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Feeding the birds
Kathy Bradley
Kathy Bradley

The bird feeder is getting old. The tray on the bottom of the hexagon is made of metal and it is rusty and thinner than it was when I first began feeding the United Nations of birds in my backyard several years ago. The plexiglass sides are dirty, but somehow the birds know when there is food inside and they come in segregated waves to be fed.

The cardinals, the bluebirds and the crows are easily identifiable by color from my back door. The smaller, browner birds — the ones who melt into the landscape when they land on the ground — are, I know, wrens and swallows and sparrows, but they don't let me get close enough to identify them.

They are, all of them, brightly colored or subtly dull, happy birds. They sing in unison — if not in harmony — on the bright sunny days that are becoming more common. I am already into my third 18-pound bag of bird seed and it is just now spring.

Only a few days after I had filled the feeder for the first time, I was wandering around the yard and, as I got closer to the sycamore tree from which the theater hangs, I heard a frantic fluttering. Two tiny birds had somehow managed to burrow their way into the bird feeder.

Drawing closer, I could see the delicate color variations in their feathers — browns and tans that could be the variations on a single Sherwin-Williams paint card. Their little beaks were about half as long as the nail on my pinky finger, dark and pointed.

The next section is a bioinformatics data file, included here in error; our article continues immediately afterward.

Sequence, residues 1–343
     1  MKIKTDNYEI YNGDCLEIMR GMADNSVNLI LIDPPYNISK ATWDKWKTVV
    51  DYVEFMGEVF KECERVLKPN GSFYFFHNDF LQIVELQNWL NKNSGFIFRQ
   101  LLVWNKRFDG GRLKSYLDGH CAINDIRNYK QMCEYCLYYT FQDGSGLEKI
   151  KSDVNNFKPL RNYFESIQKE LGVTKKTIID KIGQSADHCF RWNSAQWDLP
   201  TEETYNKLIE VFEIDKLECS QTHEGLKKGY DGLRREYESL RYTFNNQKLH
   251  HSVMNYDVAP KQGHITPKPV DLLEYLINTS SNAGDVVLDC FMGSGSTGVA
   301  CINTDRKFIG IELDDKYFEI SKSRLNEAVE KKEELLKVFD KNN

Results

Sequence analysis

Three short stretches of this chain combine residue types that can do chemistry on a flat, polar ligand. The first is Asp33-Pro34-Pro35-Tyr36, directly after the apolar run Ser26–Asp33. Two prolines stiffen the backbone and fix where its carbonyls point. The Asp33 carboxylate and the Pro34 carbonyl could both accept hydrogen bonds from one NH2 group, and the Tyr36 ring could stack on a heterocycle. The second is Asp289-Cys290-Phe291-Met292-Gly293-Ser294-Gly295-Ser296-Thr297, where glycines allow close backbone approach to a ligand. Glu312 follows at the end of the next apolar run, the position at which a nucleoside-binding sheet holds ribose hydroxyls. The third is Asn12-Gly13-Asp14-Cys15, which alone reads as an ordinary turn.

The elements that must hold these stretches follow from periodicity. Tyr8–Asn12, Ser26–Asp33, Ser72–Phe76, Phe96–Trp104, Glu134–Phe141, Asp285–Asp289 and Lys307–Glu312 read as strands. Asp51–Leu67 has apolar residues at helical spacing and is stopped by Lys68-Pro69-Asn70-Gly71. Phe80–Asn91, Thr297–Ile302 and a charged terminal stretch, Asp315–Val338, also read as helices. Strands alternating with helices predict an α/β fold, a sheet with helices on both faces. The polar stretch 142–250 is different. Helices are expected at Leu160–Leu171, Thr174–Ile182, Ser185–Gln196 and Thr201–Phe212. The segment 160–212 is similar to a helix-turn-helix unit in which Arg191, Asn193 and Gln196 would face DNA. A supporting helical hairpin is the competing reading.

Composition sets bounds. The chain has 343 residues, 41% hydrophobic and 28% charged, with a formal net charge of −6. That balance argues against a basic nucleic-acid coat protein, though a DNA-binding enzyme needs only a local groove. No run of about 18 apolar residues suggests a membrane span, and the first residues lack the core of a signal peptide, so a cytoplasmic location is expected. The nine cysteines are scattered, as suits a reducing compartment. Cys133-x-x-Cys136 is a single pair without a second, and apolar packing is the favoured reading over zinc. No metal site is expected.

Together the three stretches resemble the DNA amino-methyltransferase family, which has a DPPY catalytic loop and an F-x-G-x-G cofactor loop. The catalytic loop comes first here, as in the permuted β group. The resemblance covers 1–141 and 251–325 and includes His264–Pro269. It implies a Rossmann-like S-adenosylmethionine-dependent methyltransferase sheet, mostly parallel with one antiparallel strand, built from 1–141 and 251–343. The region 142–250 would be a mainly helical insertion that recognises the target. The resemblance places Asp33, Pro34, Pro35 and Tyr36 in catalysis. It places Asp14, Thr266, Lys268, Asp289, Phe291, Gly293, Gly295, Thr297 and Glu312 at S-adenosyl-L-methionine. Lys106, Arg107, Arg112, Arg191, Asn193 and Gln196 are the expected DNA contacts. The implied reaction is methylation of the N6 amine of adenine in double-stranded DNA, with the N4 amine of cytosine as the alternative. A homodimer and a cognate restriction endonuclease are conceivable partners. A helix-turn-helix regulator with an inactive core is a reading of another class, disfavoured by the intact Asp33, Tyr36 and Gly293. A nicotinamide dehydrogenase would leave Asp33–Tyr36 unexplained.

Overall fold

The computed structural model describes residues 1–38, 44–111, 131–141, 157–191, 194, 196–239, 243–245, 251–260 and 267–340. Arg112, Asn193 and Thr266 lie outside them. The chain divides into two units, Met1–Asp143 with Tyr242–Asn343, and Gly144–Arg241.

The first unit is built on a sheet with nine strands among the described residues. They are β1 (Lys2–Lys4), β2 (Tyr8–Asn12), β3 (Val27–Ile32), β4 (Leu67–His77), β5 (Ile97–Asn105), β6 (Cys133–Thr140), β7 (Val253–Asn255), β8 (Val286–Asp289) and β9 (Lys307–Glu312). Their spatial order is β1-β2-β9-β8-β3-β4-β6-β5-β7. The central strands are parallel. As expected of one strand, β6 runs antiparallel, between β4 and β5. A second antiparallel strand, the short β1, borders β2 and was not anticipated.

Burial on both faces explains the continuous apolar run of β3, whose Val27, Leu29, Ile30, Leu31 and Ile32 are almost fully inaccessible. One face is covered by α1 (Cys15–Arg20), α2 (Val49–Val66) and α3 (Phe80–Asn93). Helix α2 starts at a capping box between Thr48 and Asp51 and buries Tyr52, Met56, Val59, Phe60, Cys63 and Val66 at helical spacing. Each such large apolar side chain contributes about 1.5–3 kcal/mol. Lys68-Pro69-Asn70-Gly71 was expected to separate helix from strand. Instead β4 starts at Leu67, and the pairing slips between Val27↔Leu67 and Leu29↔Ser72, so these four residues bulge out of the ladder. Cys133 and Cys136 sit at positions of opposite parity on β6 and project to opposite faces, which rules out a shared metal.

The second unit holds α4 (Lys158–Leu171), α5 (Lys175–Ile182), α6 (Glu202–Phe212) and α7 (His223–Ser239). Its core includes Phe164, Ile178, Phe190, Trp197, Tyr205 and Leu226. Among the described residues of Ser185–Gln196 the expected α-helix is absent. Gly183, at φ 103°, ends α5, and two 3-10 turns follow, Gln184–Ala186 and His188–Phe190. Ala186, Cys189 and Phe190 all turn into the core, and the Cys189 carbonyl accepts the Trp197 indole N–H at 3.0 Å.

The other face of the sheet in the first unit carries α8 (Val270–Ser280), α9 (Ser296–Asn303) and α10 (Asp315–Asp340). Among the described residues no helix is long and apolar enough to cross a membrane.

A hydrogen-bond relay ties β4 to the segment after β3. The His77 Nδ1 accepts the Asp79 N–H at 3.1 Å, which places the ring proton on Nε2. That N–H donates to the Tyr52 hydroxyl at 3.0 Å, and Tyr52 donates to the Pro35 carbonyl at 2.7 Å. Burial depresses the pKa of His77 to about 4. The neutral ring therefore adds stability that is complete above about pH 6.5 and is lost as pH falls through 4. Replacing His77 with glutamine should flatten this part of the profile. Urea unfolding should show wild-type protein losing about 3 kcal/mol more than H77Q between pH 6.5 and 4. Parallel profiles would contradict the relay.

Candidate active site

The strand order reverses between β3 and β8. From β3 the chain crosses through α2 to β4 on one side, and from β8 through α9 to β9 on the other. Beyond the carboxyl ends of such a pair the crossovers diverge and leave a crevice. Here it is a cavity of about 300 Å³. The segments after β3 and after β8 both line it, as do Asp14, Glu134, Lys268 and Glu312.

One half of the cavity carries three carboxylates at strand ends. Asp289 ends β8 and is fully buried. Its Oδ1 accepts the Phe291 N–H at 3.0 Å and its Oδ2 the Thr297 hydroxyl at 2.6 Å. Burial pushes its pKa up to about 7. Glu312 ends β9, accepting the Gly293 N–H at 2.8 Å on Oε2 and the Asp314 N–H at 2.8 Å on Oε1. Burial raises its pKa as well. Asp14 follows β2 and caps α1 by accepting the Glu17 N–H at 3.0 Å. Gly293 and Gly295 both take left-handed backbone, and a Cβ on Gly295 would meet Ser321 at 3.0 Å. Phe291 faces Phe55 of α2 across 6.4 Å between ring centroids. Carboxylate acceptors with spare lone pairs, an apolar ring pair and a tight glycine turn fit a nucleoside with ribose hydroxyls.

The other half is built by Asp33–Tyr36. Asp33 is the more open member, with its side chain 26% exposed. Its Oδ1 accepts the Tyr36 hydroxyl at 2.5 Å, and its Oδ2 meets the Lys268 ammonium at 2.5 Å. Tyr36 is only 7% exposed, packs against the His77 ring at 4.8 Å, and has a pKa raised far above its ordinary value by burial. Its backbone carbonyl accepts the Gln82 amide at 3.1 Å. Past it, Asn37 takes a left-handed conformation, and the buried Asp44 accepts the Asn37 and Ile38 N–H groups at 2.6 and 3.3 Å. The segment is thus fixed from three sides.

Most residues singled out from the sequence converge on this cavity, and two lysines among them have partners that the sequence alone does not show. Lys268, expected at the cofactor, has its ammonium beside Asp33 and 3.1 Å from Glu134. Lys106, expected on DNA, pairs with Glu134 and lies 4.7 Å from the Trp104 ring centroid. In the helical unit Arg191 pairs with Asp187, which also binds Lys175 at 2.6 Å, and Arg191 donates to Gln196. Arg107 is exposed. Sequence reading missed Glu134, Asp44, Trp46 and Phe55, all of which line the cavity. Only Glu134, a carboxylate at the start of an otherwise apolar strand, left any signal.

I lifted the lid and one of the two immediately rose into the open air, flapping madly to put as much distance as possible between himself and me. The second one, looking exactly like the first, kept on beating his wings against the plexiglass — rapidly, like eyelids in sunshine.

I tilted the feeder, thinking that his failure to escape was due to some sort of inability to lift his head and see the sky above him. Still, with only a few inches between himself and freedom, he fluttered in place. It was as though he had become so accustomed to the fluttering and the beating and the fear that his tiny little bird brain could not engage in anything else.

I tried tapping the bottom and something about that sound, that reverberation, persuaded him toward flight.

I would have kept thinking about that little bird anyway, but at least twice more since then I've been called upon to free birds from that same feeder. And each time I am left wondering how in the world they managed to become imprisoned by something that was supposed to nurture them.

There is a story in Scripture about the prophet Nathan confronting King David with regard to his adultery. It is not a direct confrontation, but an allegorical one. Nathan explains that a wealthy man in the kingdom has taken a family’s little lamb, its pet, and slaughtered it for a feast. Outraged by the action and enamored with his own power, King David proclaims that the man shall be executed. Nathan replies, “You are the man.”

Every time I think about the birds, I hear a voice in my head saying, “You are the bird.” And that voice speaks truth. How many times have I allowed something that was meant to be good, beneficial, educational, nurturing, become the method of my capture, my obsession? How many times have I, in insecurity and uncertainty, in all consuming fear, found myself beating my own wings against plexiglass?

I have thought about replacing the bird feeder. I have thought about taking it down and requiring all the birds to share the little plastic pagoda-shaped one two trees down. I have thought about how I can save the birds.

But I can't save the birds. The birds have to save themselves.

I am the bird.

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